Whether we’ve been in the career a few months, a few years, or even a few decades, we can always learn something new.
In our early days, we build on whatever formal education we bring to this career. At that stage, our focus is often twofold: we want to fit in and become an effective member of the team, however small or substantial that team may be. In addition to learning the ropes, we also tend to focus on learning or enhancing the technical skills required for whatever role we’ve landed.
Considering the extent to which technology is part of the role, it’s a given that we’ll learn new software skills throughout our careers. After all, the skills that help us land a job aren’t necessarily the skills that will keep us there, let alone help us elevate and advance our careers. Think, for example, of all the new skills each of us has gained since spring 2020. Preparing minutes is another example, as recording standards and expectations have evolved substantially over time and we can all use refreshers.
Times change, and so do business practices. Astute assistants routinely invest time in maintaining skills currency, which implies a lifelong commitment to learning and development. This includes both hard skills we can quantify, and “soft” (a misnomer if ever there was one) skills. I train assistants, and the areas of heaviest demand have traditionally been related to communication skills, which boil down to emotional intelligence (EQ/IQ) skills we can develop, and skills that help us to effectively record meetings.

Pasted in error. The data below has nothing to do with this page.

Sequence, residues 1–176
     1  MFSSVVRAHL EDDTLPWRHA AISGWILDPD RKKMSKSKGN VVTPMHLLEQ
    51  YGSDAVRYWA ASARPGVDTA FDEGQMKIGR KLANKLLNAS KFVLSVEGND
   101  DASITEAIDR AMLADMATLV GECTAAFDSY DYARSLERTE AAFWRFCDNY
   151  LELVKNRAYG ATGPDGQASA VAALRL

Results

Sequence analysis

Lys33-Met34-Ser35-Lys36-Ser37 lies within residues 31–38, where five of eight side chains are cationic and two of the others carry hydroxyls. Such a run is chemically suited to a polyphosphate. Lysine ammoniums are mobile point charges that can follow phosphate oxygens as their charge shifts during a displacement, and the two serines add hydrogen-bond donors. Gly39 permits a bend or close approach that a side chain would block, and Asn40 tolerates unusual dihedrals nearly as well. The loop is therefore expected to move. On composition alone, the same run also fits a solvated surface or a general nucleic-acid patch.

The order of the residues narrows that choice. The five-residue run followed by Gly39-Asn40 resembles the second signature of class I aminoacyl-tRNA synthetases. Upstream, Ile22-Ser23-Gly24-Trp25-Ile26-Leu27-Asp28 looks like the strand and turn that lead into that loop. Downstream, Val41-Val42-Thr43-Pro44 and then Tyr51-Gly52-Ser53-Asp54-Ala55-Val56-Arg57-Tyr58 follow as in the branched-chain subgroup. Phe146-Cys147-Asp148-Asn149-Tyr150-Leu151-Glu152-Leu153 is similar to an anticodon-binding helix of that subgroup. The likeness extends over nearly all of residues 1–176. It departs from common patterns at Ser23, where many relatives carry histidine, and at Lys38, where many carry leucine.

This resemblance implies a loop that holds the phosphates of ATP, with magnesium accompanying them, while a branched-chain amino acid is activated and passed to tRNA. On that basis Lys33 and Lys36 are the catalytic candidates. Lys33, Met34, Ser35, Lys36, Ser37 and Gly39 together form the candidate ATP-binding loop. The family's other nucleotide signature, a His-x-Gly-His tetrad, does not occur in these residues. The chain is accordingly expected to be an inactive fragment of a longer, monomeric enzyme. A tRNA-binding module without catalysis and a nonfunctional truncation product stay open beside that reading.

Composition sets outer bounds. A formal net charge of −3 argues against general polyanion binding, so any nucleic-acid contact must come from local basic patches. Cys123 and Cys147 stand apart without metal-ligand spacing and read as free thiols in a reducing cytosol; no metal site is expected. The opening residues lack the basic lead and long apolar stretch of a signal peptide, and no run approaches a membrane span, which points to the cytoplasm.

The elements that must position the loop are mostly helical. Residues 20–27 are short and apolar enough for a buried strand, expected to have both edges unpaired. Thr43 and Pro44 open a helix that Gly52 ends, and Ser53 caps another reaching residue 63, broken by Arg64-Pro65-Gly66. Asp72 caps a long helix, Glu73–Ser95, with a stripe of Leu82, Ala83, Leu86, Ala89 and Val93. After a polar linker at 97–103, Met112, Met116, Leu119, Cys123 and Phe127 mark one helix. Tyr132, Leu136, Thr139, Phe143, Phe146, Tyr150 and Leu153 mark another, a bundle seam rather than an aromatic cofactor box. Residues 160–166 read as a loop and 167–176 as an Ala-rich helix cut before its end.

Assistants, even those who’ve been recording meetings for ages, want to build confidence and elevate the quality of their minutes so they capture what today’s stakeholders want and need. Assistants also recognize the importance of being assertive, which is important in working alongside powerful people, and many are attuned to professional development focusing on influence and leadership.
These are all relevant for goal setting and for your career and personal progress. When it comes to career currency, and to truly elevate your career, more and more assistants are also paying attention to what I think of as strategic acumen. When we think about the term acumen, we think about skills associated with judgment and decision-making in business. A good assistant exercises strong judgment and decision-making skills on a routine basis. Sometimes, perhaps even more so given hybrid careers, it’s easy to function and think within operational silos. The more we pay attention to other portfolios within our workplace, and to the organization’s strategy, culture, and competitive (external) landscape, the better informed we’ll be in our own decision-making.
Whether you’re interested in honing influence or leadership, or want to gain an understanding of the challenges and opportunities your executive colleagues face in leading your organization, it makes sense to expand the scope of your professional development. When we look beyond our own desks, laptops, and position descriptions, we’re better able to understand and discuss strategy with current and prospective stakeholders. This can elevate our prospects and our careers.
So, where will you start? In the not-so-distant past, an employer’s strategic (strat) plan was typically a bulky document that went unread by many. Increasingly, employers are making their approved strategic plans more accessible. Rather than sitting down to a pile of pages, hard copy or digital, you may be able to access a series of brief PDFs that tell the story of where the organization is, and where it plans to go.